Josh Miller is the CEO of Gradient Health, a company founded on the idea that automated diagnostics must exist for healthcare to be equitable and available to everyone. Gradient Health aims to accelerate automated A.I. diagnostics with data that’s organized, labeled, and available.
Could you share the genesis story behind Gradient Health?
My cofounder Ouwen and I had just exited our first start-up, FarmShots, which utilized computer vision to help reduce the amount of pesticides used in agriculture, and we were looking for our next challenge.
We’ve always been motivated by the desire to find a tough problem to solve with technology that a) has the opportunity to do a lot of good in the world, and b) leads to a solid business. Ouwen was working on his medical degree, and with our experience in computer vision, medical imaging was a natural fit for us. Because of the devastating impact of breast cancer, we chose mammography as a potential first application. So we said, “Ok where do we start? We need data. We need a thousand mammograms. Where do you get that scale of data?” and the answer was “Nowhere”. We realized immediately, it’s really hard to find data. After months, this frustration grew into a philosophical problem for us, we thought “anyone that’s trying to do good in this space shouldn’t have to fight and struggle to get the data they need to build life-saving algorithms”. And so we said “hey, maybe that’s actually our problem to solve”.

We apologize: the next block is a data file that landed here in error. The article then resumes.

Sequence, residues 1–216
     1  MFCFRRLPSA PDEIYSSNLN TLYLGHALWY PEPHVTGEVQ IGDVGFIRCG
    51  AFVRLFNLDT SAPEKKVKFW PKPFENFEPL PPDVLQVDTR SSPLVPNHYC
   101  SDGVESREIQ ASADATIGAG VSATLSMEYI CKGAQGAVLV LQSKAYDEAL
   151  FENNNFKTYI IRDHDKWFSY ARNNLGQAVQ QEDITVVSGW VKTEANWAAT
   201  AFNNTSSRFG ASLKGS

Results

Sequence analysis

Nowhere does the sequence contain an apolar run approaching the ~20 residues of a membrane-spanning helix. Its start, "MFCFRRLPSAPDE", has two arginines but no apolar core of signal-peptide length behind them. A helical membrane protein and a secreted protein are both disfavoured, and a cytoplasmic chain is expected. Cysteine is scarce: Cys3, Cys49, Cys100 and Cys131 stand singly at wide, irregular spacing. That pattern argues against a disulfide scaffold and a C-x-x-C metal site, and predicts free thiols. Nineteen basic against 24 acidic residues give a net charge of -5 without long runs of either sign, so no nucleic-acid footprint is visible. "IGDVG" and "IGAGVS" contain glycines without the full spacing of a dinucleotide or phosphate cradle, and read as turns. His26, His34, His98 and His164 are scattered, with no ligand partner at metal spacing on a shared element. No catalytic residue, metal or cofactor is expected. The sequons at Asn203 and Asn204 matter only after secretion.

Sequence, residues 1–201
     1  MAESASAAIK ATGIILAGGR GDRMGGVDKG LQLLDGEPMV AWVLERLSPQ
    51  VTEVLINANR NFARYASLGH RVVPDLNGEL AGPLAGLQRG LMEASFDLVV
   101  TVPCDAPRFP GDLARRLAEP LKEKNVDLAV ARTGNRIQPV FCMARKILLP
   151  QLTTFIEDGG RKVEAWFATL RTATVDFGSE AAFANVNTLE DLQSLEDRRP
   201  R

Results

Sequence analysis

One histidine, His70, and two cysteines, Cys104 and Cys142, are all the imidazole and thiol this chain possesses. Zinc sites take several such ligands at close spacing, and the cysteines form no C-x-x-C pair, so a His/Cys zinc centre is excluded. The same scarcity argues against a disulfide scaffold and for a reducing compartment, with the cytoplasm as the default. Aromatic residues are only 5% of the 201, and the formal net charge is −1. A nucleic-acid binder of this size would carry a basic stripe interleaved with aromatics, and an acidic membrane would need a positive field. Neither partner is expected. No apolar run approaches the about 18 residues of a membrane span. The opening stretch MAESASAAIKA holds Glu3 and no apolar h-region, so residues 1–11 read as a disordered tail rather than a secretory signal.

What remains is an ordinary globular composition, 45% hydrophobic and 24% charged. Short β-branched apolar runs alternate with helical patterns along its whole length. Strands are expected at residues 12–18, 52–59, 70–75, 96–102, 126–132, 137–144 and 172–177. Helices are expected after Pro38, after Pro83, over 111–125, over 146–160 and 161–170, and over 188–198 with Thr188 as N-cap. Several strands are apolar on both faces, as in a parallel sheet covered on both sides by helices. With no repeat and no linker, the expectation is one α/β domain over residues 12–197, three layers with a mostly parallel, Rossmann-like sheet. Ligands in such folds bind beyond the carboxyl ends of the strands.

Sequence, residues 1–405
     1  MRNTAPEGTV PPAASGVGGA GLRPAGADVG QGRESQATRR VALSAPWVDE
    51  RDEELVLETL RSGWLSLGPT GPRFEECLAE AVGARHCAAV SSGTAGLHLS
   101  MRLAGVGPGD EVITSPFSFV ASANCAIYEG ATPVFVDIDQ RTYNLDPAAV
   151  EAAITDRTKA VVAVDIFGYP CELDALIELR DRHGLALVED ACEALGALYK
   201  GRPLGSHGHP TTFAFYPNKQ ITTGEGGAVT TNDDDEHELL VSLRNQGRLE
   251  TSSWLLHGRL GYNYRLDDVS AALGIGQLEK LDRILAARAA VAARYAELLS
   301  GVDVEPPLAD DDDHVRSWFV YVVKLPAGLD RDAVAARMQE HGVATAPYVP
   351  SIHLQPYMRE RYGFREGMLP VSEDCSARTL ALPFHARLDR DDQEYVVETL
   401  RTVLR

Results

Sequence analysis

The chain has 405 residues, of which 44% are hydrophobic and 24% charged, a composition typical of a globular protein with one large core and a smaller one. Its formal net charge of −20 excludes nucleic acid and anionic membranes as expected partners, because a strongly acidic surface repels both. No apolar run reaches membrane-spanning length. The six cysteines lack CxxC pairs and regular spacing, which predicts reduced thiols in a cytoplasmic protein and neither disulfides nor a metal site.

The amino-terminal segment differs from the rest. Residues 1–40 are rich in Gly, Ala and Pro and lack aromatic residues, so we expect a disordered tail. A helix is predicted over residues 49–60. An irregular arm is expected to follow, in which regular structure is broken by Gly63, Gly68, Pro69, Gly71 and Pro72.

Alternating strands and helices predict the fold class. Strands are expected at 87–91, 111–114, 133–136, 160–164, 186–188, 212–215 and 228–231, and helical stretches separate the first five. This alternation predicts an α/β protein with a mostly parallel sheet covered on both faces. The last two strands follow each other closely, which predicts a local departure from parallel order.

What are the current risks in the marketplace with unrepresentative data?
From countless studies and real-world examples, we know that if we build an algorithm, using only data from the west coast, and you bring it to the southeast, it just won’t work. Time and again we hear stories of AI that works great in the northeastern hospital it was created in, and then when they deploy it elsewhere the accuracy drops to less than 50%.
I believe the fundamental purpose of AI, on an ethical level, is that it should decrease health discrepancies. The aim is to make quality care affordable and accessible to everyone. But the problem is when you have it built on poor data, you actually increase the discrepancies. We’re failing at the mission of healthcare AI if we let it only work for white guys from the coasts. People from underrepresented backgrounds will actually suffer more discrimination as a result, not less.
Could you discuss how Gradient Health sources data?
Sure, we partner up with all types of health systems around the world whose data is otherwise stored away, costing them money, and not benefiting anyone. We thoroughly de-identify their data at source and then we carefully organize it for researchers.
How does Gradient Health ensure that the data is unbiased and as diverse as possible?